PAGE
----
Egypt. No pretext for judicial review for hundreds of people

(Beirut) – Egyptian authorities have held hundreds, and most likely thousands, of people in pretrial detention without pretense of judicial review in a new low for the country’s justice system, Human Rights Watch said today.

Security and judicial authorities have used the Covid-19 pandemic to effectively prevent detention renewal hearings, renewing pre-trial detentions more or less automatically since mid-March 2020. Judges should immediately review the detention of all persons in prolonged pre-trial detention and order their release pending trial unless there is clear evidence that there is a legal necessity for their pre-trial detention, such as a clear threat to witnesses or a risk of leak. Anyone remanded in custody has the right to be tried within a reasonable time or to be released.

“Covid-19 has peeled away the last fig leaf covering Egypt’s grossly unfair pretrial detention system by eliminating even a semblance of independent review,” said Joe Stork, deputy director for the Middle East and North Africa to Human Rights Watch. “Egyptian authorities should end the excessive use of pretrial detention instead of making it the norm.

Human Rights Watch spoke with five human rights lawyers and one activist in Cairo, as well as one lawyer in Alexandria and one outside Egypt. They said Supreme State Security prosecutors and criminal court judges have renewed detentions, including for dozens of their clients, without transporting detainees to hearings or giving lawyers the opportunity to plead.

Lawyers said authorities held no detention renewal hearings between mid-March and early May, when courts were partially closed due to Covid-19 measures. Between May 2 and May 9, Supreme State Security prosecutors and criminal courts – responsible for monitoring pretrial detention beyond five months – extended pretrial detention almost automatically for all detainees who were to be renewed.

A senior lawyer for a local human rights organization said that on May 4, 5 and 6, the Cairo and Giza counter-terrorism circuits of the criminal justice system renewed the detention of around 485, 745 and 414 defendants in more than 100 cases. No defendants were present. He and other lawyers described a “chaotic” environment in which judges arrived in the afternoon, did not convene hearings or meet with lawyers, and left without informing lawyers of their decisions. The lawyers learned of the decisions informally from court employees or the next day through prosecution employees.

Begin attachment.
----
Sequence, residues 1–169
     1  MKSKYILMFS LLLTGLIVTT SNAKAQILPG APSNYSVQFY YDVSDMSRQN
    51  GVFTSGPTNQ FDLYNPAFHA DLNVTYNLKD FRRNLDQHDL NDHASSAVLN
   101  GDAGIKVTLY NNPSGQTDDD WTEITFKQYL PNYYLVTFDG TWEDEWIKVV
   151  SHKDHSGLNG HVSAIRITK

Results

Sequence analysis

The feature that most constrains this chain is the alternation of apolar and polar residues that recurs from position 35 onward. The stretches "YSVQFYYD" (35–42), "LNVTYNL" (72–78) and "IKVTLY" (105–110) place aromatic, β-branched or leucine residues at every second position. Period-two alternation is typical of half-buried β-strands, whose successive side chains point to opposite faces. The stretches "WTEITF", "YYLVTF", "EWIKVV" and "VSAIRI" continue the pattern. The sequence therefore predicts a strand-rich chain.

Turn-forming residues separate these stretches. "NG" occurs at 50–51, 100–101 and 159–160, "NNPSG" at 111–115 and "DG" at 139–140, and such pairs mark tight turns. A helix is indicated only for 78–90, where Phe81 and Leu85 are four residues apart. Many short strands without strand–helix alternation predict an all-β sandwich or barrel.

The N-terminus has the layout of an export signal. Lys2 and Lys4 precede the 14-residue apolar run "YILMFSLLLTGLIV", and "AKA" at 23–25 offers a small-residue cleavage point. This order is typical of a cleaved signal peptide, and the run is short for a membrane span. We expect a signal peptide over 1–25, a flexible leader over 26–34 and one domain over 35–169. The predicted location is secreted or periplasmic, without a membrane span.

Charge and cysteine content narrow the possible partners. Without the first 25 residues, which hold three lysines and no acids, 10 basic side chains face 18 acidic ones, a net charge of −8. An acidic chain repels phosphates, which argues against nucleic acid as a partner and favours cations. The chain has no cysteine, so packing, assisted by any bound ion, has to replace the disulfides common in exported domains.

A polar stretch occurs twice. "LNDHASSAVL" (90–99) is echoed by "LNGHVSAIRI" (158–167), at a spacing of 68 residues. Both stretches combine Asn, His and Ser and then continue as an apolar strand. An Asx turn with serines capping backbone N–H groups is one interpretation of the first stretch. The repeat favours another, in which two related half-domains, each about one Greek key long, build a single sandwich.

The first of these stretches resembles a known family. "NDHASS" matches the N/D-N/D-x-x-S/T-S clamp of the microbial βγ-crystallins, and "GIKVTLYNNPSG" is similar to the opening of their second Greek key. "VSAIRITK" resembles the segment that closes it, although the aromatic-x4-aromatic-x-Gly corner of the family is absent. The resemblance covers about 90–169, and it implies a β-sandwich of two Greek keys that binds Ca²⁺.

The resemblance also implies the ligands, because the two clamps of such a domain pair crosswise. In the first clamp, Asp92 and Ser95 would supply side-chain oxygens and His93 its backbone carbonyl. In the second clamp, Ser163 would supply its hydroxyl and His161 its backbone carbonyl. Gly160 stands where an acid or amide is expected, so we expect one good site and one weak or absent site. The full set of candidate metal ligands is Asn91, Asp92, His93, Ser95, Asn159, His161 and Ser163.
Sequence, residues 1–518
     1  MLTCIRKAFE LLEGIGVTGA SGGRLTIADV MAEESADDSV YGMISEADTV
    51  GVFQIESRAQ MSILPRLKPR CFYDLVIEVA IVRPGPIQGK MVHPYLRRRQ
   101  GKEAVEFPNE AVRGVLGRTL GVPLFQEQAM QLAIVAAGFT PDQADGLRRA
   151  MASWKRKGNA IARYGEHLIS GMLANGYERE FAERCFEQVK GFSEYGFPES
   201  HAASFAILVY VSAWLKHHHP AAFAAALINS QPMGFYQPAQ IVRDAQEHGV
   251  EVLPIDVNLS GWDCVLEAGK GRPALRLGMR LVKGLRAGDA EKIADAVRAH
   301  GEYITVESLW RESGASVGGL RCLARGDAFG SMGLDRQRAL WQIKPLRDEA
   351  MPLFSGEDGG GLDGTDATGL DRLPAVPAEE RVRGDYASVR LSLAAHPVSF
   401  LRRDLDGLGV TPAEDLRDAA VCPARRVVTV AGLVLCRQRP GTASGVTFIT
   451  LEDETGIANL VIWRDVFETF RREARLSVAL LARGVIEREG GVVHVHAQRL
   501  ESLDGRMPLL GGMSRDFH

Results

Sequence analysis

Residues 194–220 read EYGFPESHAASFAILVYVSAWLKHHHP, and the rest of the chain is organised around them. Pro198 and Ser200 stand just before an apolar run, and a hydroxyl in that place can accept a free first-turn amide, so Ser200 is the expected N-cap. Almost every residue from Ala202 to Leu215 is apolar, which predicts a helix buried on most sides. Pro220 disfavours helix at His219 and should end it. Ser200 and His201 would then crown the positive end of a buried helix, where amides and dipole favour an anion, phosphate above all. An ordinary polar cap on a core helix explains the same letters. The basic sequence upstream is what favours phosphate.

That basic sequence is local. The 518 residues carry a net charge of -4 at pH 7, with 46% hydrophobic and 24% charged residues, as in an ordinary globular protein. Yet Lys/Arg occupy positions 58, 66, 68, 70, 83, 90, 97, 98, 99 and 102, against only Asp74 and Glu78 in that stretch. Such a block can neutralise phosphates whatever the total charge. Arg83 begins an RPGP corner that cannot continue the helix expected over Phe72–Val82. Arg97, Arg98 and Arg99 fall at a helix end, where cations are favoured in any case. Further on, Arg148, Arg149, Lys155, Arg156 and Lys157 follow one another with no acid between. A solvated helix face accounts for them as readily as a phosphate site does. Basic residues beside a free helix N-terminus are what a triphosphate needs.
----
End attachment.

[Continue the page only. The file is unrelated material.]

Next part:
International and African laws require authorities to use pre-trial detention as the exception, not the rule, and only when demonstrably necessary for specific reasons, including the risk of absconding and threats against witnesses, and for the shortest possible time. Under the government of President Abdel Fattah el-Sisi, judges and prosecutors routinely hold thousands of people in pretrial detention, often without evidence of wrongdoing and simply for exercising their rights to peaceful assembly and freedom of expression. Egyptian law allows Supreme State Security prosecutors, who are responsible for dealing with most political offences, to hold detainees for 15 days, renewable for up to 5 months without judicial review, after which judges can order their detention for 45 days, renewable up to 2 years without trial.

The process by which recent renewal decisions were made, without hearings, also runs counter to Egypt’s Code of Criminal Procedure, which requires judges and prosecutors to hear defense pleas before ordering or renewing. detention. The law also requires that such orders cite the criminal code provisions at issue and detail the rationale for pretrial detention, which the law limits to certain situations, such as fear that a suspect may affect the collection of evidence.

A senior lawyer for the Arab Network for Human Rights Information, based in Cairo, told Human Rights Watch that the supreme state security prosecutors have, since May 2, like the criminal courts, renewed the detention of almost all defendants in the cases they oversee without a hearing. He said he was not allowed to enter the prosecution building in the Cairo suburb of the Fifth Colony and only learned of the prosecutors’ decisions from police guards at the gate of the building. building or by other lawyers with better “connections”.